The next-generation jobsite is coming. Are you ready? For years, the benefits of RFID (radio-frequency identification) have been discussed in the construction industry, but few contractors actually took the leap to adopt. But, now, this is beginning to change, as recent announcements showcase how construction companies are using RFID in the field today.

RFID technology allows construction companies to track and manage resources at the jobsite, which includes everything from materials to workforce. With a tag placed on the resource, data is gathered and sent to the office so supplies and workers at the jobsite can be tracked to better maintain the job and comply with government regulations.

Contractors such as Kiewit,, Omaha, Neb., Twin Contracting,, Alexandria, Va., HITT Contracting,, Falls Church, Va., and Turner Construction,, New York, N.Y., are such companies using tracking technology today.

This week, ADR Software,, Reston, Va., announced all four of these large general contractors are now using technology specifically to monitor the workforce.

Picture this: Tags attached to hardhats send data about workers’ whereabouts for reporting and tracking, eliminating the need for manual data entry. From Web-based devices, including smartphones and tablets, project managers can track realtime workforce information. The data gathered from the technology can also integrate with daily reports, work schedules, and accounting.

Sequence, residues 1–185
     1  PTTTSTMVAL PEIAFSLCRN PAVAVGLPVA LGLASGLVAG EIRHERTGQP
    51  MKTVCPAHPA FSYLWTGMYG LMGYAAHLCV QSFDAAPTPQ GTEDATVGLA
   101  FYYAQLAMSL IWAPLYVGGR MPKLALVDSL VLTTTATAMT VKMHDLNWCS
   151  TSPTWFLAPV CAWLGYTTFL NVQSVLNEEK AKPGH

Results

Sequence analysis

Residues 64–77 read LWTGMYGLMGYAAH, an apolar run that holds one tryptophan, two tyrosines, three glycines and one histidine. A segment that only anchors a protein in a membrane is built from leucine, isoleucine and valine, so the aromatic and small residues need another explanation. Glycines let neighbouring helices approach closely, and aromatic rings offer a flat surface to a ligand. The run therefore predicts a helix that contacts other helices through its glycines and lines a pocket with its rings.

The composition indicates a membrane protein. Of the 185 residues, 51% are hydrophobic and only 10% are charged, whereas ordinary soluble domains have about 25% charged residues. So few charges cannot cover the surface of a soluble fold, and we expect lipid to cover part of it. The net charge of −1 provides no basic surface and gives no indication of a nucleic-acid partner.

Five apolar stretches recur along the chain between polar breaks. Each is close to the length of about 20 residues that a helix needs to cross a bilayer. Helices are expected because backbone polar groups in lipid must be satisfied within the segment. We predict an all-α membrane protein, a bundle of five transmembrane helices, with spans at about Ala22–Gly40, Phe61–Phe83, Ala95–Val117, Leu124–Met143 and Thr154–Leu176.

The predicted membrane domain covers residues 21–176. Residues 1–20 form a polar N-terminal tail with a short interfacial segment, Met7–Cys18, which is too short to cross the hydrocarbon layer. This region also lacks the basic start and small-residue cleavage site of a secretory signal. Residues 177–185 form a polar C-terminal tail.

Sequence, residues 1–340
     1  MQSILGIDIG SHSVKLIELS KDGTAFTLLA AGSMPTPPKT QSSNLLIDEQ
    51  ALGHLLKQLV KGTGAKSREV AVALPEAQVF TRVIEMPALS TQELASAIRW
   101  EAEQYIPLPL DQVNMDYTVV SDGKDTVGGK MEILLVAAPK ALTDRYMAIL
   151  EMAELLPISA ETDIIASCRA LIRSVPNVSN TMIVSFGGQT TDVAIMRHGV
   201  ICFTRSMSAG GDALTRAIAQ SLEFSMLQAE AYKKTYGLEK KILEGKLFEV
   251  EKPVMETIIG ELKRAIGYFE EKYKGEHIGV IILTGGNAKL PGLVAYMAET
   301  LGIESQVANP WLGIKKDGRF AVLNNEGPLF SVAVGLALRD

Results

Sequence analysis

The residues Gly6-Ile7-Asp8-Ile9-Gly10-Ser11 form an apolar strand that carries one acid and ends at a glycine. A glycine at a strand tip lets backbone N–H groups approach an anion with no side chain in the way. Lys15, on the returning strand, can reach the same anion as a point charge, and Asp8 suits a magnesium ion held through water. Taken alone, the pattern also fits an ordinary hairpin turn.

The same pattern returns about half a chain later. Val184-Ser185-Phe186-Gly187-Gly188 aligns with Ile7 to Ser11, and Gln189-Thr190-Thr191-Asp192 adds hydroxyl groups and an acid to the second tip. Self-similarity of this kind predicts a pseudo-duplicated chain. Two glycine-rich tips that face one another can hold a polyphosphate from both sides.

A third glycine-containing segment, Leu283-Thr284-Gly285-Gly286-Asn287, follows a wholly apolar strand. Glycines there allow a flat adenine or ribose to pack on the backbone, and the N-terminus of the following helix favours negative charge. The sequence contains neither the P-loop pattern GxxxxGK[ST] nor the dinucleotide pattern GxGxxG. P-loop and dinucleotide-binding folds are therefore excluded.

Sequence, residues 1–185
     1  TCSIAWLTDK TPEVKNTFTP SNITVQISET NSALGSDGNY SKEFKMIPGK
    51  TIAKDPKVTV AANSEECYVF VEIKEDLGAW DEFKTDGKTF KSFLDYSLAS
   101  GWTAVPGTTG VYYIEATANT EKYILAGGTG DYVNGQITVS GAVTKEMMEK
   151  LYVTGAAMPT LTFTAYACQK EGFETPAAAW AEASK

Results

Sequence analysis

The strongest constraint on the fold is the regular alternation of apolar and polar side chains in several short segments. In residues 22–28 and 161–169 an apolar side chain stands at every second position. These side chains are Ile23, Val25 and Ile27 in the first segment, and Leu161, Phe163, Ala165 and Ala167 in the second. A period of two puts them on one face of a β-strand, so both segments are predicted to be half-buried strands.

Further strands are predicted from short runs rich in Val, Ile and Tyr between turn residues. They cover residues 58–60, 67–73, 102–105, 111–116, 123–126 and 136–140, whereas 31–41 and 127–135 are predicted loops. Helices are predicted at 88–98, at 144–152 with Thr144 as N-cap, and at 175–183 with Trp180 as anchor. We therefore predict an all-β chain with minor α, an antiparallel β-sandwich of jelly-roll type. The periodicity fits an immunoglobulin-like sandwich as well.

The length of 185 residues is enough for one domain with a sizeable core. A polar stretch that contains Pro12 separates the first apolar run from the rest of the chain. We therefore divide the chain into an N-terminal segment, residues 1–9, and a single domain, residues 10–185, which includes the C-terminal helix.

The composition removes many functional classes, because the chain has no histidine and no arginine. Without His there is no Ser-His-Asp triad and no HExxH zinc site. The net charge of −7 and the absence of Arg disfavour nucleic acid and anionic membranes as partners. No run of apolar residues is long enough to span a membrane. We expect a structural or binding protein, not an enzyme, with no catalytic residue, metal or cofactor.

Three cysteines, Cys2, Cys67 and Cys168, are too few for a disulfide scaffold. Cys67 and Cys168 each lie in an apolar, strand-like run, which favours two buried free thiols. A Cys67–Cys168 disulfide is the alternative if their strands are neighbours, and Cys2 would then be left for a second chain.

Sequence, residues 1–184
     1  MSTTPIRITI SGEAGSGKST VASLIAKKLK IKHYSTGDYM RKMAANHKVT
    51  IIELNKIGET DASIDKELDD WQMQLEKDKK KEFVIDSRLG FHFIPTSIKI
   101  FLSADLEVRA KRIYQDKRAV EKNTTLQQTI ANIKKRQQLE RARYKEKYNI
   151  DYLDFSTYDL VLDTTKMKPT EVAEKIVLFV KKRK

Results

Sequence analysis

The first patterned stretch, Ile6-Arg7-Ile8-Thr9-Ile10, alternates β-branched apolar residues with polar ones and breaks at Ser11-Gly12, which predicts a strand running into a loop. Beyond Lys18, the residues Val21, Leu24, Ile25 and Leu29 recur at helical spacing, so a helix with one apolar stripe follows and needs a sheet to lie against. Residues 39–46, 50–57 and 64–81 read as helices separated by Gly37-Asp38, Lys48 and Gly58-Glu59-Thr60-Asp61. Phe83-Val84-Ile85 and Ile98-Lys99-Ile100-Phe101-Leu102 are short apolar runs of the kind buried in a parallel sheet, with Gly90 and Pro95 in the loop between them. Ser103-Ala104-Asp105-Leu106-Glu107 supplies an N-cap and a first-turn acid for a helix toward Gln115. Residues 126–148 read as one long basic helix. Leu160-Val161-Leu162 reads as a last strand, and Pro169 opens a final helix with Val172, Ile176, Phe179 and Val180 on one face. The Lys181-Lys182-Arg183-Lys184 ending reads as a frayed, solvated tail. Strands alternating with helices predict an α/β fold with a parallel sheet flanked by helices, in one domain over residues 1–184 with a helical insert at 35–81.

For construction companies, this helps make better decisions, improve workforce documentation, and manage risk on a job, which provides a competitive advantage during the bidding process. Some organizations even use the technology to insure compliance with local economic development and hiring objectives.

Beyond tracking the workforce, the technology can also be used to track materials and supplies on a job. Leighton Contractor,, Chatswood, Australia, is a recent example. This construction company is using technology to track materials and fabrication for a SMP (structural, mechanical, and piping) contract on an iron ore mining project in Western Australia.

The technology it is using comes from Saleem Technologies,, Perth, Wash., which provides Web-based, GPS, barcode, and RFID material-tracking technology, and recently upgraded its fabrication module to monitor fabricated structural steel.

This is not Leighton’s first foray into the technology. In 2011, the construction company used similar software to track and manage materials for a civil and underground construction project.

More contractors are turning to RFID, GPS, and barcodes to keep track of materials, people, and even vehicles on construction projects. Want to see more case studies and an in-depth dive into what this technology will mean for the construction industry going forward? Check out Jobsite: The Next Generation in the Jan/Feb issue of Constructech.